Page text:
Here's a good post by Mark Suster, a VC, on "The amazing power of deflationary economics for startups", which I think neatly explains the economic and innovation model behind 3D Robotics and most other open source hardware companies.
It starts by reminding us of the classic disruptive business model from the Innovator's Dilemma:
In the simplest form, new startups have a product that is INFERIOR to that offered by the competition but at a dramatically lower price with the seller opting for a very thin margin on their product.
Initially their only customers are people who can get by on the reduced functionality or perhaps don’t have the money to spend on the expensive product.
Often it turns out that the market is greatly expanded by having a lower price point new entrant. And over time the new entrant attracts enough business that, as depicted in the graph above, the quality of the product slowly increases over time.
The new entrant keeps margins low but suddenly has a lot of profits due to large volumes of business.
How does the incumbent respond? Not by dropping price & quality – they don’t have an advantage there. Instead they spend more money trying to innovate on product quality and call attention to the weaknesses of the new entrants product quality.
Often major customers defect en masse to the new entrant as they realize that the huge price premium is not justified by the product differentials.
It then provides some questions to ask to see if your product/service fits this bill:
In the case of UAVs, both these seem true: most companies in this space price their products like military-industrial products, not consumer electronics. They typically have the margins of defense contractors. Meanwhile, the civilian/amateur market for UAVs is much more price sensitive and has been poorly served to date, both because of the high prices and also the regulatory restrictions on closed-source vendors.
The open source entrants in this space have the opportunity to be classic disruptors: faster, cheaper and, eventually, better. Starting with the original open source autopilot, Paparazzi, they were initially dismissed as being buggy, hard to use and poorly supported. But as more teams entered the fray, the open source autopilots got dramatically better, and prices continued to fall. Meanwhile the volumes rose: the ArduPilot project, for example, has shipped nearly 10,000 autopilot boards across all its varieties: that's more than all but a handful of the biggest aerospace companies.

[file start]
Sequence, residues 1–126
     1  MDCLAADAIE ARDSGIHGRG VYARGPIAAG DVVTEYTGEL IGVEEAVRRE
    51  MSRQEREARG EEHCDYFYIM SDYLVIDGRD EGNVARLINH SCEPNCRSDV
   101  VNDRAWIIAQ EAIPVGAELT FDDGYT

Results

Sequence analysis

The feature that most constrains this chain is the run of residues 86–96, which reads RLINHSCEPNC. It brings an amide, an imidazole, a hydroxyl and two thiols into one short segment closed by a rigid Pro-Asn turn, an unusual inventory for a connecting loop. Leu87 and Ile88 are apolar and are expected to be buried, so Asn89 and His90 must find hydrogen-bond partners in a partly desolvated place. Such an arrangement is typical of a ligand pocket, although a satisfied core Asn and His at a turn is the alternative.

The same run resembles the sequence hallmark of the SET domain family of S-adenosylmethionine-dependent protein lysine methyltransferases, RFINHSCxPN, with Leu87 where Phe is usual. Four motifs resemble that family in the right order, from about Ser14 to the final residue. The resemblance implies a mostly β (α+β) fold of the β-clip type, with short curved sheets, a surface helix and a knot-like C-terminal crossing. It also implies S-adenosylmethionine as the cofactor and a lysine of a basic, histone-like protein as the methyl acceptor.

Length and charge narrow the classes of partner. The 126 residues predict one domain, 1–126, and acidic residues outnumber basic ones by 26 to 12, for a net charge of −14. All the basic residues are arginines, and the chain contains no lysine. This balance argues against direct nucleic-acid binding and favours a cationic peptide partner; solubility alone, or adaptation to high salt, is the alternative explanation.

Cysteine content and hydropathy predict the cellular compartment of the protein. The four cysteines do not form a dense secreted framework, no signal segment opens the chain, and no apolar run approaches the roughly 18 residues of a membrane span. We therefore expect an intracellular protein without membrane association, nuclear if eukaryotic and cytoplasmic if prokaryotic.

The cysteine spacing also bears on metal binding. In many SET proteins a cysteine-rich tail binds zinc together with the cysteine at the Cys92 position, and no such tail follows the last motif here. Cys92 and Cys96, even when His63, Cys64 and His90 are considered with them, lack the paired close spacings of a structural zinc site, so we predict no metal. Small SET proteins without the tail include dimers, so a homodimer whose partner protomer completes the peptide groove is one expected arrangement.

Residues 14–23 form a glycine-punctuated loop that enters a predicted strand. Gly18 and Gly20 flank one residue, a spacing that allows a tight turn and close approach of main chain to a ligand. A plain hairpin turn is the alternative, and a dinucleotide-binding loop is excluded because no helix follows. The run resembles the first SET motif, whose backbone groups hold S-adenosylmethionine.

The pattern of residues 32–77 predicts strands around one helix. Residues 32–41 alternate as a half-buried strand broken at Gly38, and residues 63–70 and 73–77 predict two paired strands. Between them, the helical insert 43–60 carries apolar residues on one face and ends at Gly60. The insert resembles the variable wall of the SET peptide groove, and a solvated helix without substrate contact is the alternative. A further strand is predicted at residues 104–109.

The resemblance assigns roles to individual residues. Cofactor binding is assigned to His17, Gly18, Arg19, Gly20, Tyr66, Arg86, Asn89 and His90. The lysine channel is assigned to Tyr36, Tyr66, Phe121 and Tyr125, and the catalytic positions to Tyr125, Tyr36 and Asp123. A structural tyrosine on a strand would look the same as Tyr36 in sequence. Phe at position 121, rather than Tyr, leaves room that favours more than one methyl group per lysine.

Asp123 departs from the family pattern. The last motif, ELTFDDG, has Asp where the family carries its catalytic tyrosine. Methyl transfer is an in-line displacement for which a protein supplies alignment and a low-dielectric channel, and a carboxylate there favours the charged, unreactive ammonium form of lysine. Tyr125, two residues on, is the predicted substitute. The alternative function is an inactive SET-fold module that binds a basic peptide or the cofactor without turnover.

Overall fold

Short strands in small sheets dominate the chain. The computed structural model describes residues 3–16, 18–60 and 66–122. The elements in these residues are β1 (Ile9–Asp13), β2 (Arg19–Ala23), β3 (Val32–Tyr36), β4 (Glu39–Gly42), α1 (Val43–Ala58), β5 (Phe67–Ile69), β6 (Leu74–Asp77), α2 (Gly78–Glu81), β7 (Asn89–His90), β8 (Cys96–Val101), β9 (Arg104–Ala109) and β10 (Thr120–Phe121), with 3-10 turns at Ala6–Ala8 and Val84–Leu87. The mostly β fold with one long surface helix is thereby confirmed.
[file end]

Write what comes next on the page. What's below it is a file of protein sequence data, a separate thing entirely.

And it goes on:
Sure, there's still a lot of work left to do to make the open source autopilots as robust as a milspec one, but the gap is closing fast and the open source ones sell for $200 while the milspec ones go for 20 times that or more.
At 3D Robotics (the hardware company behind the DIY Drones store) we think about open source hardware as a "90/10" opportunity: 90% of the performance of commercial alternatives at 10% of the price.
Of course, we'd like to do even better over time--we think that the open source innovation model is not just cheaper than closed source, but can be better, too (think Linux, Firefox, Apache, etc). So maybe 110/10 is possible, or even more when you include things that open source projects are good at, such as introducing new feature quickly and creating open platforms for user innovation.
These are still early days, but I think the civilian UAV market will someday be even bigger than the military one. If the Innovator's Dilemma holds true, bet on the little guys moving fast and cheap to eventually dominate.